Brendan: “I went to a Boy’s Catholic school called Chaminade. It was like an hour away from my house, so when I was thirteen I started commuting on the Long Island Railroad towards New York City to go to high school, and back the same day. It was like I had a job. It was horrible, I wouldn’t recommend it to anyone. I took the same classes as Matthew, but not by choice. It was a college prep school where you could get college credits in high school. I didn’t know why I was going there, it didn’t make any sense to me. I just wanted to play guitar.”
Brandon: “I was the opposite of Matthew. I went to Christian Brother’s All Boy Catholic School in Memphis, Tennessee, and I transferred out of all of the good classes so I could be with my friends. It was awesome, I loved school. I went to college for nine years for music, business, Italian, technology… All Bachelor’s, no Master’s. I didn’t do anything in school because I just wanted to just play and have fun. I didn’t do any extracurriculars except the sound board at my local theatre.”
Joey: “I’m from England, so I went to an all-girls high school where we had to wear fancy blazers and ties. It didn’t look like Harry Potter, but when I describe my school that’s what people imagine. It was alright, I was one of the people where all of my school reports said, ‘Joanne could achieve great things if she just applied herself.’ I was a solid ‘B’ student and didn’t go to college.”
Karlie: “I grew up in Sydney, Australia, and I went to Woolooware high school. It was co-ed, I was the opposite of Brandon. I did all the extracurricular activities. I tried to skip all the assemblies to do my extracurriculars. I liked the school, it was at the beach and had a good environment.”
Leo: “I grew up in Brazil, but I moved to New York City with my parents for work. I went to a public school in Manhattan, Eleanor Roosevelt High School. I was part of their second graduating class. It was a great time to be there. I was a big fan of school. I was similar to Matthew in that I took all the classes that I could. Later on, I decided to continue my education by going to college and graduate school, and I got my Master’s degree in music education and my Bachelor’s degree in economics.”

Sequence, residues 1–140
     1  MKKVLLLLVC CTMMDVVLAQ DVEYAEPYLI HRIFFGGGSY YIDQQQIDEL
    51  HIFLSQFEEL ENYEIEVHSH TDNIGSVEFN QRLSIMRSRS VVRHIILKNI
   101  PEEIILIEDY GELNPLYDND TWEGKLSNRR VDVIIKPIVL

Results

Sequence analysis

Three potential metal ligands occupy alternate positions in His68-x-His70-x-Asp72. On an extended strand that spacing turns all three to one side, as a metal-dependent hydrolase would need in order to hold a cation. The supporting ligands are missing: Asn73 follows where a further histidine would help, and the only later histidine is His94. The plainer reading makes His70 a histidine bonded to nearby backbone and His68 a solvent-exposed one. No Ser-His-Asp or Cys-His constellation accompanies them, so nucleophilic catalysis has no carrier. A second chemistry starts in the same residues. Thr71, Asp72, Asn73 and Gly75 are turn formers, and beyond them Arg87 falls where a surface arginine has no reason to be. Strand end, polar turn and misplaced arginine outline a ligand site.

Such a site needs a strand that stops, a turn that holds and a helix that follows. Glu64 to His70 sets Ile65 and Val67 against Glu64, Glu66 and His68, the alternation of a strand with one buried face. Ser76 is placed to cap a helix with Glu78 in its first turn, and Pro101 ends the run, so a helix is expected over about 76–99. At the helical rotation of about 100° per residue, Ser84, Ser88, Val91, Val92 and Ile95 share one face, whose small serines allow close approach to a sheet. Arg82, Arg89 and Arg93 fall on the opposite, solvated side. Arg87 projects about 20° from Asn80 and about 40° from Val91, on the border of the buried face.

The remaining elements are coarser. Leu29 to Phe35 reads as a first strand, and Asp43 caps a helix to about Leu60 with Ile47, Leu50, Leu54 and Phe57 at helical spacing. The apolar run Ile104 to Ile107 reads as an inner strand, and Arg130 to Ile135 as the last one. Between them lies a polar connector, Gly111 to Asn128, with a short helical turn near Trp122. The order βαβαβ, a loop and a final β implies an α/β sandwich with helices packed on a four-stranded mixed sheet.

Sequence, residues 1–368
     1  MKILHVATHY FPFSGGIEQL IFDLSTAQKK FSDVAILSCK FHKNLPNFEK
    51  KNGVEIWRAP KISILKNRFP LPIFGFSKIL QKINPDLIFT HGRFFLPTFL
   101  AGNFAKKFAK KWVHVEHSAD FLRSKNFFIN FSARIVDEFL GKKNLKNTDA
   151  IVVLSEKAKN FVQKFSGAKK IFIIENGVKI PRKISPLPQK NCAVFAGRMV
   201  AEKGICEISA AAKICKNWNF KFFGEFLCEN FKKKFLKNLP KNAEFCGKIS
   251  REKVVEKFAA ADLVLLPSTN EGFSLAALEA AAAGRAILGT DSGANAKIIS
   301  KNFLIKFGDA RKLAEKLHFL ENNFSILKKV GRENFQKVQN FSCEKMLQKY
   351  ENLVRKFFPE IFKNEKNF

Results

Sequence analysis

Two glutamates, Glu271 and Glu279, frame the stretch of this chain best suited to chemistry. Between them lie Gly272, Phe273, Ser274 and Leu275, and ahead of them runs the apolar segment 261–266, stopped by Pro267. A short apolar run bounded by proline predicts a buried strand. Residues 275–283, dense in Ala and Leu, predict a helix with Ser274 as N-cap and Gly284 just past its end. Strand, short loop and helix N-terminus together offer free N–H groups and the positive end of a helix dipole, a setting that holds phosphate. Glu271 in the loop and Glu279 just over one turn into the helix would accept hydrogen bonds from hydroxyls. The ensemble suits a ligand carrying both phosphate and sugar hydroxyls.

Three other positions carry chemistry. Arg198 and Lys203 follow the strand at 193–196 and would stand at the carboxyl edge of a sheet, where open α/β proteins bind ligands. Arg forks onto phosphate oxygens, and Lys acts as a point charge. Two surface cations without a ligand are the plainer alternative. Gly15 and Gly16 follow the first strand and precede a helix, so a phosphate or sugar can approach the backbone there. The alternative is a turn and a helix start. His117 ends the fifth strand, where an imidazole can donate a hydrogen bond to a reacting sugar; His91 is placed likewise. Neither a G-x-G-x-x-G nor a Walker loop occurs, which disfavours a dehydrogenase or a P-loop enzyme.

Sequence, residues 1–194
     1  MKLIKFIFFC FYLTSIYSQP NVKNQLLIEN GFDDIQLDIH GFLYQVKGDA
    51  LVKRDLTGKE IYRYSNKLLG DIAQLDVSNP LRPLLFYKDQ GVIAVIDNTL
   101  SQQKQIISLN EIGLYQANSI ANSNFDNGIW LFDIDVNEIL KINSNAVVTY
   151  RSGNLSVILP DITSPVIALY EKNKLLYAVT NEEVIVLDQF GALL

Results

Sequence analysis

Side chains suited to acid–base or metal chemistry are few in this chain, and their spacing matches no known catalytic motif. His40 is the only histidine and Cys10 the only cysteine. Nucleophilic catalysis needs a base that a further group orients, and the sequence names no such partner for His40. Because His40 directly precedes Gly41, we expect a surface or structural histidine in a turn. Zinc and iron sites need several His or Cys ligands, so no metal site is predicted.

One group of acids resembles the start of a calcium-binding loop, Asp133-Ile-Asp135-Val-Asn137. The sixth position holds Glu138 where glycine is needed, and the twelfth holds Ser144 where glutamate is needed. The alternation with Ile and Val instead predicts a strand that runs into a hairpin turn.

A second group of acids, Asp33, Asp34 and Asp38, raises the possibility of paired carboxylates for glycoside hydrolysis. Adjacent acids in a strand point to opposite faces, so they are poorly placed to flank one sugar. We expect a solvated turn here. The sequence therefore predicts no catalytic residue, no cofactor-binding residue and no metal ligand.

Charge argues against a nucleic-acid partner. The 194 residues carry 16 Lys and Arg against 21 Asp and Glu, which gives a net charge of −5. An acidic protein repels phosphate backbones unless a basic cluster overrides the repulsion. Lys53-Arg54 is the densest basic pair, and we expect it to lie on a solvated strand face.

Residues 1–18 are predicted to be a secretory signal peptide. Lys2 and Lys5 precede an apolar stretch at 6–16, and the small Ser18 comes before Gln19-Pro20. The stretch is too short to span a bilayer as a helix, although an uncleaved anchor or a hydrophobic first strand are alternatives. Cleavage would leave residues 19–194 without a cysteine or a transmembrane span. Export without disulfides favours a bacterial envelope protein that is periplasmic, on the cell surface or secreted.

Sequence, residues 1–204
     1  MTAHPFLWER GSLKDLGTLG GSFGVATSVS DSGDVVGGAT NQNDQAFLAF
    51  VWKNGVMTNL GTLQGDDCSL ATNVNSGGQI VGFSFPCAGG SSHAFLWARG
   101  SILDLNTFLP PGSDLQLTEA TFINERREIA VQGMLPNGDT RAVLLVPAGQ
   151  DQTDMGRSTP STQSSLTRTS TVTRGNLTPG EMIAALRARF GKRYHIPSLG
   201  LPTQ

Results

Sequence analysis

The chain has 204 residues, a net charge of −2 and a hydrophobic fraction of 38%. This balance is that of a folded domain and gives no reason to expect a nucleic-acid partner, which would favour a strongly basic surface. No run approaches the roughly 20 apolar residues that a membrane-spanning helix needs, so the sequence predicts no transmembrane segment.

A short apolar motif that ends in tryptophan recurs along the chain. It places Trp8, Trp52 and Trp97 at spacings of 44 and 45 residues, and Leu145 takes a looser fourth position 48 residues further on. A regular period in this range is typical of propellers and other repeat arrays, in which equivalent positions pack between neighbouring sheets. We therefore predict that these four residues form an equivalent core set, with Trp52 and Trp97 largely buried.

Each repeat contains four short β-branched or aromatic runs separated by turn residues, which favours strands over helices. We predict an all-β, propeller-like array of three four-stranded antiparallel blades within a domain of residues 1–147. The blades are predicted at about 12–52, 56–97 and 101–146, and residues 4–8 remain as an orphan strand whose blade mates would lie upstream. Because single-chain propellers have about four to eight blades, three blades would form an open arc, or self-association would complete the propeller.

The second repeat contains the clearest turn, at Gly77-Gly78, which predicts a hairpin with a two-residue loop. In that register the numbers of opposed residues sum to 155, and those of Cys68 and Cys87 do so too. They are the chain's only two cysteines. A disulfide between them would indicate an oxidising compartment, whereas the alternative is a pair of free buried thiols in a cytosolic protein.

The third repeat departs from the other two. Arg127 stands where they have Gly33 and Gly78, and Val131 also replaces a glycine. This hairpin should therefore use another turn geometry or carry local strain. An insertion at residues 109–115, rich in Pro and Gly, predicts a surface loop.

What is the story and meaning behind your hit, “Teenage Dirtbag”?
Brendan: “First of all, I say it is everyone’s story to make their own. Everyone is always going to have their own life and this song will apply to it in a way that is special and unique. When I was a kid in 1984, I was ten years old walking around with my tape case with Iron Maiden and AC/DC, riding on my skateboard or BMX bike. There were a lot of tough, dangerous kids in town. The short story is that they committed a satanic murder in the woods near my house. It’s the cover story of the November 22nd, 1984 issue of the Rolling Stone. The guy that did the killing was arrested with an AC/DC shirt on, and I had this tape case filled with AC/DC, so all the parents were saying, ‘You’re a dirtbag, Satan kid.’ So identity-wise, and for heavy metal, it was a weird time to be listening to that type of music. That event shaped a lot of things in my life, I had to go to a new school that I hated…There were a lot of drugs in that town, too. So personally, when I say ‘dirtbag’ in that song, it’s the summer of 1984, which was a dangerous, violent, scary time. But, it is a hopeful song with a happy ending, so it’s for each to make their own.”